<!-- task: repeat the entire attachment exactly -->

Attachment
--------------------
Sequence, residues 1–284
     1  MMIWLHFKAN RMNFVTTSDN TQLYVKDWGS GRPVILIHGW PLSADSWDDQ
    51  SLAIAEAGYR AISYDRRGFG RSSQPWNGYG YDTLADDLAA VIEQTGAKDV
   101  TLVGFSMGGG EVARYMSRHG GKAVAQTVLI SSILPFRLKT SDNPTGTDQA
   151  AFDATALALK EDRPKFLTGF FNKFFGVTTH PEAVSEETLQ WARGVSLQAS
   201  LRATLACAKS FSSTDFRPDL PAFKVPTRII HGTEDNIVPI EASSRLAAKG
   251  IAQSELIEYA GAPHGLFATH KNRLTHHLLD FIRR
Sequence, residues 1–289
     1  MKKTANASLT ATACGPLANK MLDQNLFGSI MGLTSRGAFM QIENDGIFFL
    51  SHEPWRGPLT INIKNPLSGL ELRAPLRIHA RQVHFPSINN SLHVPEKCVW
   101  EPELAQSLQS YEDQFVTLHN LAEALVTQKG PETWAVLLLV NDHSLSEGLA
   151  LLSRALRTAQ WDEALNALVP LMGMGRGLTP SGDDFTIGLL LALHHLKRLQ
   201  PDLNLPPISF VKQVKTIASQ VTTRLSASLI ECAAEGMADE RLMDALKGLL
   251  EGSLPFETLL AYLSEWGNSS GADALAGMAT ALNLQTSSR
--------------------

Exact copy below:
Sequence, residues 1–284
     1  MMIWLHFKAN RMNFVTTSDN TQLYVKDWGS GRPVILIHGW PLSADSWDDQ
    51  SLAIAEAGYR AISYDRRGFG RSSQPWNGYG YDTLADDLAA VIEQTGAKDV
   101  TLVGFSMGGG EVARYMSRHG GKAVAQTVLI SSILPFRLKT SDNPTGTDQA
   151  AFDATALALK EDRPKFLTGF FNKFFGVTTH PEAVSEETLQ WARGVSLQAS
   201  LRATLACAKS FSSTDFRPDL PAFKVPTRII HGTEDNIVPI EASSRLAAKG
   251  IAQSELIEYA GAPHGLFATH KNRLTHHLLD FIRR
Sequence, residues 1–289
     1  MKKTANASLT ATACGPLANK MLDQNLFGSI MGLTSRGAFM QIENDGIFFL
    51  SHEPWRGPLT INIKNPLSGL ELRAPLRIHA RQVHFPSINN SLHVPEKCVW
   101  EPELAQSLQS YEDQFVTLHN LAEALVTQKG PETWAVLLLV NDHSLSEGLA
   151  LLSRALRTAQ WDEALNALVP LMGMGRGLTP SGDDFTIGLL LALHHLKRLQ
   201  PDLNLPPISF VKQVKTIASQ VTTRLSASLI ECAAEGMADE RLMDALKGLL
   251  EGSLPFETLL AYLSEWGNSS GADALAGMAT ALNLQTSSR